A few months back I was able to get my hands on the first release from Oddwood Ales and I was impressed. In my review of the beer I wrapped up the review hoping to get my hands on whatever they decide to put next. Guess what? The beer gods—or whoever schedules review on this site—have hooked my up once again and I have a bottle of Oddwood’s second release in front of me today.

Oddwood Ales Taming the Savage Heart bottle

Taming the Savage Heart is the second beer to be released by the Austin-based brewery and is what head brewer Taylor Ziebarth describes as a “nod to lambic.” Like traditional Lambic it is brewed with a large percentage of wheat, aged hops and it is fermented in barrels with various strains of yeast and bacteria. While the beer shares many aspects of lambic brewing it is not spontaneously fermented which is the main defining characteristic of the classic Belgian style. Regardless of how it is fermented I am excited to try it and can’t wait any longer to crack it open.

The beer pours a hazy golden straw color with minimal head.  A quick whiff of the glass gives a much stronger acid profile than the saison.  I get some lemony citrus and some bretty funk but nothing is overpowering in the nose.  A somewhat delicate yet pleasing aroma with just a hint of pear and oak as well.  The much anticipated first sip brings exactly what I expected based on the nose: a delicious beer.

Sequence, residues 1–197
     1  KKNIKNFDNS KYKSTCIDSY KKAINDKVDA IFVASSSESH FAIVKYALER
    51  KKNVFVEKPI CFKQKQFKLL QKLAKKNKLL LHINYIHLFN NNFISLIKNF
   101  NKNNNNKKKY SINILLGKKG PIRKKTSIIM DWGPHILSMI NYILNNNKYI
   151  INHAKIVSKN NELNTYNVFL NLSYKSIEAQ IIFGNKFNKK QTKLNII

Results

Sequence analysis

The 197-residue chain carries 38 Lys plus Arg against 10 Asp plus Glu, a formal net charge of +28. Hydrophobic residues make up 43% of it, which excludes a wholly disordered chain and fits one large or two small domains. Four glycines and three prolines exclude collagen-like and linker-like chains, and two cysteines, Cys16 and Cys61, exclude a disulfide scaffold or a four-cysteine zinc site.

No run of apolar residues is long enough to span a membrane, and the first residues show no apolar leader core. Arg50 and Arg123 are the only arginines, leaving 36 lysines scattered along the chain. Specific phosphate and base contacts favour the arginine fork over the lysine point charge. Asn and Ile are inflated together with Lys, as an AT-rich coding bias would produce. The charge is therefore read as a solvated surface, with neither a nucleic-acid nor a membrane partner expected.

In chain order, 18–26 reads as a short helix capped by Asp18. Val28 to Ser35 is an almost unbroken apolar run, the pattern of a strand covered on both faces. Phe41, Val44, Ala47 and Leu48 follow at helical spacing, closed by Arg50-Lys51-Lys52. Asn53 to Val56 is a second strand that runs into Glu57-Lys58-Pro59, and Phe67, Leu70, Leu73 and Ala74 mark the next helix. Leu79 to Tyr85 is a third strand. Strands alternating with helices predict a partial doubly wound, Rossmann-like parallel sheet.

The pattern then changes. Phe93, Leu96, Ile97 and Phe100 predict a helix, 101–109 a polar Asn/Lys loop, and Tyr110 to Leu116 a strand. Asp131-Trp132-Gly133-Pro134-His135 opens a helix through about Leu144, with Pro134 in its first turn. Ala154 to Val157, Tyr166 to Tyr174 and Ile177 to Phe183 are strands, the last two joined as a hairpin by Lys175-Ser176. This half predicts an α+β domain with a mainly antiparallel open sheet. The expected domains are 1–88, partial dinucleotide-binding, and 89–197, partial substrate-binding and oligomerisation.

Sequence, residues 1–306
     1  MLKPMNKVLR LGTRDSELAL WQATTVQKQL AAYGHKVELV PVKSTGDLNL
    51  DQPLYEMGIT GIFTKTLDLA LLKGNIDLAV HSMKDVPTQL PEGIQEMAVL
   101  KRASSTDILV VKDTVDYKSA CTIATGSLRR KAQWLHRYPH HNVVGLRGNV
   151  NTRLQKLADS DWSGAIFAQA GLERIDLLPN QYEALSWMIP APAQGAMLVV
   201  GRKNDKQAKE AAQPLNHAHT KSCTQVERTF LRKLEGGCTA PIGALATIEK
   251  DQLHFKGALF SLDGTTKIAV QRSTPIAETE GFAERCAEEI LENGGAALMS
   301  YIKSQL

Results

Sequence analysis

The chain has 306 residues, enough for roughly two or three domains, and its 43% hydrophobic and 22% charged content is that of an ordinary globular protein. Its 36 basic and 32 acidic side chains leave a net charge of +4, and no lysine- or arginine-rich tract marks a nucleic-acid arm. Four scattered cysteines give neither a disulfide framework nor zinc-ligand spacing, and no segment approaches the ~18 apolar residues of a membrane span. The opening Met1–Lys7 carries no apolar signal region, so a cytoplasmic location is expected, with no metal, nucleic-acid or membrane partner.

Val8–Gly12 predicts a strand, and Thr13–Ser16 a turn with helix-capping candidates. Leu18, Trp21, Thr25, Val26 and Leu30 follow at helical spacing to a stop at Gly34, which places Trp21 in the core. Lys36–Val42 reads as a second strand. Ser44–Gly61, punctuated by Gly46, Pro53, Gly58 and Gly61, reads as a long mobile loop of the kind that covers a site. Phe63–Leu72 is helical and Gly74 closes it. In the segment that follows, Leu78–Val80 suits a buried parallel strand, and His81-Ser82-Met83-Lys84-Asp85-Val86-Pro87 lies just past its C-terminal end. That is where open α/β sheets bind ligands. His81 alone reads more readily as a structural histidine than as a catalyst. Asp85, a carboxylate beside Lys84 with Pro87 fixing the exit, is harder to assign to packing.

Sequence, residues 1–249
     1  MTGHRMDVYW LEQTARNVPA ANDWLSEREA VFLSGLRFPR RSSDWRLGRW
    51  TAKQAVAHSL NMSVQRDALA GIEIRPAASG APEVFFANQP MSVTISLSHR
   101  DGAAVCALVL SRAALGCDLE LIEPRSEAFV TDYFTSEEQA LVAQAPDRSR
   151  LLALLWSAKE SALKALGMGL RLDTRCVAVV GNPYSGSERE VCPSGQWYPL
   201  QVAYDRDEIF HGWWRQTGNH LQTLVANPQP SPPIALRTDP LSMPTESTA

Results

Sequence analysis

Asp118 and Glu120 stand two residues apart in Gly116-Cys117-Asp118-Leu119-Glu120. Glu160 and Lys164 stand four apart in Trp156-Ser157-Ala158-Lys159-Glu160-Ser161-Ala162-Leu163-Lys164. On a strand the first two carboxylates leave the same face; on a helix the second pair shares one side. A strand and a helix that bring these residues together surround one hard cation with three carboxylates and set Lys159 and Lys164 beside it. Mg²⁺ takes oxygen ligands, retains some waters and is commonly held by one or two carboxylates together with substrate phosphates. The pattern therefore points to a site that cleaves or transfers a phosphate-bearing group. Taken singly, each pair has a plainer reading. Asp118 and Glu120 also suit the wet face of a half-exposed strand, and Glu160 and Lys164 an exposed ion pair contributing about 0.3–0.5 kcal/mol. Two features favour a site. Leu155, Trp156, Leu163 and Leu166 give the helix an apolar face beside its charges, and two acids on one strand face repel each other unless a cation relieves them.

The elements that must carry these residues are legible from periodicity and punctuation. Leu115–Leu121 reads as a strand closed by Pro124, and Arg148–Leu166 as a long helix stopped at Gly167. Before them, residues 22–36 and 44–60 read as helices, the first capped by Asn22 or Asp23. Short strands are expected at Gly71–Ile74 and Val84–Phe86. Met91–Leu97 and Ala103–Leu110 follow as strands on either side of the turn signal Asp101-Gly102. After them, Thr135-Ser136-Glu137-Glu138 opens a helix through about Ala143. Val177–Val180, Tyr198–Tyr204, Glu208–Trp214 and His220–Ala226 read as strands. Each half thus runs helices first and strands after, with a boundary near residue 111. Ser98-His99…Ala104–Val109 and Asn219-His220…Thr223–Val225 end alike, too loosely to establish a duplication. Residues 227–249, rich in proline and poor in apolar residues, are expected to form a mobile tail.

Oddwood Ales Taming the Savage Heart

A medium level of acidity that is very noticeable but subtle enough to let the other characteristics of the beer shine through.  I get more of the aforementioned lemon and some oak as well. I also get a touch of green apple and white wine on the finish. All of the flavors are present but nothing I would consider dominant in any way.

Oddwood Taming the Savage Heart
BREWERY: Oddwood Ales
LOCATION: Austin, Texas
STYLE: American Wild Ale
ABV: 6.4 percent
IBU: n/a
PRICE:
RELEASE DATE: Jan. 25, 2016
AVAILABLE IN: 750ml
BEERS POURED: One
I think Taming the Savage Heart is a great, somewhat simple and very easy to drink sour blonde. It doesn’t jump out to me as much as the saison did but I have a hard time finding anything wrong with it. With the success of the first release and the mention of being a nod to lambic brewing I came into this review with abnormally high expectations that would be difficult to live up to.  While this beer is quite enjoyable and definitely worth not only tracking down a bottle but stocking up on I feel it falls just short of the Saison. But hey, it is still the second best beer ever released by Oddwood!
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